POSTED: 1:30 a.m. HST, Jan 25, 2011
LAST UPDATED: 3:48 a.m. HST, Jan 25, 2011
Stricter rules for medical waste disposal is the way to keep syringes and vials out of coastal waters, Leeward Oahu residents who attended a hearing about the Waimanalo Gulch Landfill debris spill said yesterday.
Several people said they were alarmed at the presence of medical waste on their beaches arising from storm runoff, which Mayor Peter Carlisle said amounted to about 200 million gallons of discharge.
Beverly Munson, who lives within a few hundred yards of the landfill, said government officials need to develop better standards for medical waste disposal.
Munson, a retired hospital administrator, said from what she has observed, the syringes came with vials that listed names of patients, indicating they came from medical laboratories.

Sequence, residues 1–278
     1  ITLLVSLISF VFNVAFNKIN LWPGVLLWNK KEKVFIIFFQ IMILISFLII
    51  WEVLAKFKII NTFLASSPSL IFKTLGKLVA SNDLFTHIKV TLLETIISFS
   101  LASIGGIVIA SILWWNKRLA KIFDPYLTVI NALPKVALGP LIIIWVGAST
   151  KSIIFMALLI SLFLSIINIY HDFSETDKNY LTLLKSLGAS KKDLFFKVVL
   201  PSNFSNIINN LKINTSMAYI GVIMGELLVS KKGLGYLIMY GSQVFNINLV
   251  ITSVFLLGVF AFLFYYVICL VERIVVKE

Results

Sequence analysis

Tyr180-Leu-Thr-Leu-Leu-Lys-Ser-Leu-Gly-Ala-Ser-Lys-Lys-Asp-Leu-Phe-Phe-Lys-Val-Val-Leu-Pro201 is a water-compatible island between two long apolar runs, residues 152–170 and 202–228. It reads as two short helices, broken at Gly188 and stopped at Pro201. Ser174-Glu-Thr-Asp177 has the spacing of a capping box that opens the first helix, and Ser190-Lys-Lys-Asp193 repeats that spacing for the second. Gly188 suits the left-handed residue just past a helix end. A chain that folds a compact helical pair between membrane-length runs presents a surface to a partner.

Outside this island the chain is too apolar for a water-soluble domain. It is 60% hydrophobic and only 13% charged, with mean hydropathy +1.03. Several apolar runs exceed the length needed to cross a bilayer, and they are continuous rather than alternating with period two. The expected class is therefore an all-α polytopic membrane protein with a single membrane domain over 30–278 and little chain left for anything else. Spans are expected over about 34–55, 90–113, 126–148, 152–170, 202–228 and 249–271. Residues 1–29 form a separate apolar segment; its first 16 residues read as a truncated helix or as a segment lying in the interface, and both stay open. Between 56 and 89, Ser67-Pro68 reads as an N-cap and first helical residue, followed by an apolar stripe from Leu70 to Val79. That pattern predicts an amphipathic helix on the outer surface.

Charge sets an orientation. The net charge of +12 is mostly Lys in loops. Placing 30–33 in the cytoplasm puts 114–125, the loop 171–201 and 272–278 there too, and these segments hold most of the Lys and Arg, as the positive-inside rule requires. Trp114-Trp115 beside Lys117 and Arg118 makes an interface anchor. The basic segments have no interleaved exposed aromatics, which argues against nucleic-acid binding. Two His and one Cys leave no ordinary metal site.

Munson said other municipalities are using technology to eliminate the need for landfills.
"My expectation is that people need to do their job and get this problem solved," she said.
More than 50 people attended a joint informational meeting of two City Council committees yesterday to find out how to keep landfill waste from polluting coastal waters again.
Councilwoman Tulsi Gabbard Tamayo, chairwoman of the Committee on Safety, Economic Development and Government Affairs, said she was worried about the safety and well-being of residents and visitors.
"What happened should never have occurred and should never happen again," she said.
Some residents like Munson criticized the city for continuing to operate a landfill at Waimanalo Gulch when it was scheduled to close a number of years ago. The city is appealing a state Land Use Commission decision to shut down the dumping of solid waste at the landfill by July 31, 2012.
The landfill, closed since Jan. 12, is scheduled to reopen Thursday. Some sewage treatment plants and HPOWER, the city's energy-to-waste facility, have been forced to keep sludge and ash at their respective facilities.
"We're not out of the crisis," Carlisle said.